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You Don’t Miss What You’ve Never Had

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You don’t miss what you’ve never had. That’s something I learnt some years ago when I discovered that I needed glasses. Standing and looking at the departures board at a railway station one day, I realised the friend standing next to me could read it perfectly well, whereas to me, it was indistinct. I needed to get much closer before I could see which platform our train was from. Up until then, I’d just thought that the world looked fuzzy to everybody at a distance. I didn’t miss not being able to see that well, because I’d never been able to, and so I hadn’t known I was missing anything.

I was reminded of this the other day, when I read that one local authority had decided not to allow any mobile phone masts to be built on council property. That decision seems out of line with the relevant national planning guidance, which encourages local authorities to help find ’potential [telecoms] sites by making suitable local authority owned property available to users and by encouraging others to do the same with their property.’

I don’t mention this example because I want to talk about the minutiae of planning guidance. Rather, I think the council is just plain wrong. Well with my job, I’m bound to say that, aren’t I? But let me explain why.

In its impact assessment, the council said that the effect of its policy would be ‘neutral’, i.e. they’d be no better off than they were before, but no worse off either. Think about that for a minute. That would be like saying that if I hadn’t had my eyes tested and got some glasses, I’d be no worse off than I was before. Only in a very narrow sense would that be true; but missing out on being able to see stuff properly at a distance doesn’t seem like a ‘neutral’ outcome to me.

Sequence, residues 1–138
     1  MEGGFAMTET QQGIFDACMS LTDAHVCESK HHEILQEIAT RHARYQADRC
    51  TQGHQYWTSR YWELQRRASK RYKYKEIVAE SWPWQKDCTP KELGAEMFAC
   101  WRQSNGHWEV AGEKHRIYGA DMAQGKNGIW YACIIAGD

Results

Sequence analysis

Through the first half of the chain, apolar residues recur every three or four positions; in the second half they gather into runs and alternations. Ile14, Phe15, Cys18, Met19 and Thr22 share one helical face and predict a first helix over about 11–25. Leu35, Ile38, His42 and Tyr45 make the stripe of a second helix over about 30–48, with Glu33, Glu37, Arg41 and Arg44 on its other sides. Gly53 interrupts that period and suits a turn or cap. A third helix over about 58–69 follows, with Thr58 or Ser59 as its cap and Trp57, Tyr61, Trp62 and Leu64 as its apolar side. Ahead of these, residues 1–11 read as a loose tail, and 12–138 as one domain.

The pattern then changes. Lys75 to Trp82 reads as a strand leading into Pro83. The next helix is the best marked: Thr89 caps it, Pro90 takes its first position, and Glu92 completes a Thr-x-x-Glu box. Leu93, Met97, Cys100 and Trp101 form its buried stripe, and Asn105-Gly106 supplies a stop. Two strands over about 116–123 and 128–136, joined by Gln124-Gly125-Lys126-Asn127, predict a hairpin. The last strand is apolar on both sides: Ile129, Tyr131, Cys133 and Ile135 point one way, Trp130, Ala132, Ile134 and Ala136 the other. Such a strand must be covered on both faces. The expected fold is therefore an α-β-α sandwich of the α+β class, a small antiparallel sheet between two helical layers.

Not so long ago, we didn’t have mobile telecommunications at all. Today, they are ubiquitous, and vitally important to individuals, to communities, to businesses, and to the wider economy. Connecting to the Internet via a mobile device allows people to access a wide range of central and local government services; to do research for a school project or apply to university; to manage their bank account and pay bills; to apply for a job; or to buy groceries. It’s true that we used to manage without being able to do these things: then again, people used to manage without central heating, cars, electric lights, or antibiotics.

So if that council had been around in about 2,500 BC, I wonder if they’d have said that they’d happily stick with flint tools, and that opting not to use these new fangled metal ones would have a ‘neutral’ effect, and that they’d be no worse off. Well, as any anthropologist will tell you, societies that adapt to changing circumstances tend to prosper, while those that stuck with stone axes in the Bronze Age were toast.

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Mobile Operators Association

The Mobile Operators Association (MOA) represents the four UK mobile network operators – EE (the company that runs EE, Orange & T-Mobile in the UK), O2, Three, and Vodafone – on radio frequency (RF) health and safety, and related town planning issues associated with the use of mobile phone technology.

The Economy and Society

Mobile telecommunications are vital for the UK’s economic competitiveness and in promoting social inclusion. There are now 89.9 million mobile subscriptions in the UK. In early 2015 61% of UK adults used their mobile phones for internet access. Tablet ownership is 54% of UK households, increasing from 44% in Q1 2014.